Fig. 1

Pictorial representation for the synthesis of spinel ZnFe2O4 nanoparticles and deposition of spinel ZnFe2O4 nanostructures

Characterization techniques

The crystallographic features, crystalline size and phase of the synthesized samples were found using X-ray diffraction (XRD) on Smartlab SE, Rigaku, Canada. The CuK ∝ radiation with a wavelength of: 1.541 Å and scanning rate of 0.5° min−1 by varying step size of 0.02° were used for measurements. XRD measurements were recorded in the range of 2θ = 20–80°. The chemical composition of the synthesized sample calcinated at 510 °C was identified using energy dispersive X-Ray Fluorescence (XRF), Bruker, USA. The elemental composition of spinel ZnFe2O4 nanocrystallites coated PCSSC were analysed by Energy Dispersed X-ray Analysis (EDAX). The thickness of spinel ZnFe2O4 nanocrystalline films coated PCSSC were measured using Atomic Force Microscopy (AFM, NX 10, PARK systems). The transmittance and reflectivity of spinel ZnFe2O4 nanocrystallites coated samples were examined by UV Spectrophotometer, Shimadzu PC 1650 model. The surface morphology of the spinel ZnFe2O4 nanocrystallites coated PCSSC was characterized by Field Emission Scanning Electron Microscopy (FE-SEM, MIRA 3, TESCAN, USA). The I–V characteristics of spinel ZnFe2O4 nanocrystallites coated and uncoated PCSSC were determined using Keithley I–V meter (Model - 4240). The resistivity of pure and spinel ZnFe2O4 nanocrystallites coated PCSSC was determined using the Four Probe technique.

Results and discussion

The XRD pattern of the as synthesized ZnFe2O4 sample calcinated at 510 °C is shown in Fig. 2. From the XRD pattern, it is observed that the obtained diffraction peaks can be clearly indexed with the spinel face centred cubic symmetry and the crystallographic peaks are well matched to the standard powder diffraction data, JCPDS Card No. 82-1042. The obtained Miller indices (220), (311), (400), (422), (511), (440) are substantially indexed with the spinel ZnFe2O4 structure. The most significant peak at the plane (311) was used to measure the approximate size of crystallite using Scherrer formula. The Miller indices and position of diffraction peaks of as synthesized spinel ZnFe2O4 are in accordance with the earlier report [31].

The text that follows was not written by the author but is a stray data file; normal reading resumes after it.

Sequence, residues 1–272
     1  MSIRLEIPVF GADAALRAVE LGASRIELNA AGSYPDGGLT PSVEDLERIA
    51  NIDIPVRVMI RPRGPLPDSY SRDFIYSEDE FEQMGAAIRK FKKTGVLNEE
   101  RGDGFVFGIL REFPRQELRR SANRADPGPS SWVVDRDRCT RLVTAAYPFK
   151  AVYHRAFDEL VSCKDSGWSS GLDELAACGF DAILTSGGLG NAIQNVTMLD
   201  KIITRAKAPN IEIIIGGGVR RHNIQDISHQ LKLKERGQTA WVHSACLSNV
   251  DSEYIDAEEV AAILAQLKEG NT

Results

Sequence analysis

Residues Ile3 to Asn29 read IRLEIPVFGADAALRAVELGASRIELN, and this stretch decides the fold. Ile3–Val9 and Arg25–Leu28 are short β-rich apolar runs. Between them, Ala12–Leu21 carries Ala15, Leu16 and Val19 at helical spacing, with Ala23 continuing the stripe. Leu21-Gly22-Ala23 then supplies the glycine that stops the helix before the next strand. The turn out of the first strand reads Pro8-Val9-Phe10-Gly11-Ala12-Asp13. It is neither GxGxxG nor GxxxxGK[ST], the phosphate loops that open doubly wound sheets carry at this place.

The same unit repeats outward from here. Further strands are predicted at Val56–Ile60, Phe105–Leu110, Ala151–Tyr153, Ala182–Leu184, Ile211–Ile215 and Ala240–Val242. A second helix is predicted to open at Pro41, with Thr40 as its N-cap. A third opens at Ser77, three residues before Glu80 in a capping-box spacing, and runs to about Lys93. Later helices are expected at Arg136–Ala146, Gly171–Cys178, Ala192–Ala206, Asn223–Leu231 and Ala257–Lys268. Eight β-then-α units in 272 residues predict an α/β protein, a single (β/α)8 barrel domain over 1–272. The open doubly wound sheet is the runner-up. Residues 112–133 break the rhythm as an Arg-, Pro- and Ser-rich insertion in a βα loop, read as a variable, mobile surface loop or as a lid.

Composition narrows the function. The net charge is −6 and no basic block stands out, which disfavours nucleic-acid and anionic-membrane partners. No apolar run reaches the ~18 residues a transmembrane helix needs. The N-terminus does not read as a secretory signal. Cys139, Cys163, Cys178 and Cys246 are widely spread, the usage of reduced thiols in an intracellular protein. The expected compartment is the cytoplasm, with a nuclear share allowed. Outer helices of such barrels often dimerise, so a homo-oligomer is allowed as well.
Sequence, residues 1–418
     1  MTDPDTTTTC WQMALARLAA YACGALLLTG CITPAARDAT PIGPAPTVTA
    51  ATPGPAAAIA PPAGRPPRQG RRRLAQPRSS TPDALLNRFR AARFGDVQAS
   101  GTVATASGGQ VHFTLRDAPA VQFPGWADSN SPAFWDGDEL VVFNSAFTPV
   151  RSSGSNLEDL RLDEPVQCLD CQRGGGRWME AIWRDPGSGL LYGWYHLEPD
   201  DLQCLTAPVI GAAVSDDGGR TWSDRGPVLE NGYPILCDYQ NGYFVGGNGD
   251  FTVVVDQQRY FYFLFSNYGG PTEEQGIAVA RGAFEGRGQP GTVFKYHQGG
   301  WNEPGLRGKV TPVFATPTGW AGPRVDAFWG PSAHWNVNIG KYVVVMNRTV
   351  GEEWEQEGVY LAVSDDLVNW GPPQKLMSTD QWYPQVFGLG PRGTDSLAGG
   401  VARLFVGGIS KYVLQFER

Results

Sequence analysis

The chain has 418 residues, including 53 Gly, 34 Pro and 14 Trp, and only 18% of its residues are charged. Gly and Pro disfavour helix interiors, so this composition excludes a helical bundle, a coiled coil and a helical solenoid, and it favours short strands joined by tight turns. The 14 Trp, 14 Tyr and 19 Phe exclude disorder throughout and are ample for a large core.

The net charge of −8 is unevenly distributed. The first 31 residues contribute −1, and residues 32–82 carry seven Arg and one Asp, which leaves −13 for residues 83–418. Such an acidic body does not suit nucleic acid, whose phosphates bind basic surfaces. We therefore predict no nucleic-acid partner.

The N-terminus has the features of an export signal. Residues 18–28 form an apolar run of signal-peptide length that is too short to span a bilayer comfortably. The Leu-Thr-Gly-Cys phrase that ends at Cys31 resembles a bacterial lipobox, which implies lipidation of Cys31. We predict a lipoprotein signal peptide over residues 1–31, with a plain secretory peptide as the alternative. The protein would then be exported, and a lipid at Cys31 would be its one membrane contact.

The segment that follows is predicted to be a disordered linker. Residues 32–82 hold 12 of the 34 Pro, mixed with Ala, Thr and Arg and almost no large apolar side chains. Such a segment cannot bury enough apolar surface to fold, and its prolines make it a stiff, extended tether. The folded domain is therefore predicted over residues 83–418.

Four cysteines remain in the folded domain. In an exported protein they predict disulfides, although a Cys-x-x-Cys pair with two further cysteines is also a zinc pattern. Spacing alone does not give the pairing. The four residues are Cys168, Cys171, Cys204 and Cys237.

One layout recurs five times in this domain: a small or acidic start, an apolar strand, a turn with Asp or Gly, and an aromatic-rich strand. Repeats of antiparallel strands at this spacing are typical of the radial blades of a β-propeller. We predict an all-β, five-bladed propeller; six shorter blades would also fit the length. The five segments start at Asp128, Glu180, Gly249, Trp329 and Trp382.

Fig. 2

XRD pattern of as synthesized spinel ZnFe2O4 nanocrystallites.

The crystallite size D was calculated using the Debye-Scherrer equation as follows: D=0.9λβcosθ D = {{0.9\lambda } \over {\beta \cos \theta }} where, λ is the wavelength of X-ray, β is the Full Width at Half Maximum (FWHM) value of diffraction peaks and θ is the Bragg diffraction angle. It can be seen from Table 1 that all the diffraction peaks typically imitates the presence of nanocrystallites with size range of 40 to 104 nm. The efficiency of the PCSSC were increased for the nanocrystallites having higher size. The increase in output was followed by a major shift in short circuit current density (Jsc), with the difference in size.

Average crystallite sizes of ZnFe2O4 sample determined from various diffraction lines

2 Theta FWHM Crystallite Size D (nm)
32.8560 0.1407 58.86575
34.6856 0.2047 40.65779
36.4940 0.1919 43.58997
43.0009 0.1791 47.67414
47.7918 0.1023 84.93736
56.4434 0.1279 70.49320
63.0784 0.0895 104.1472
68.3362 0.1023 93.85715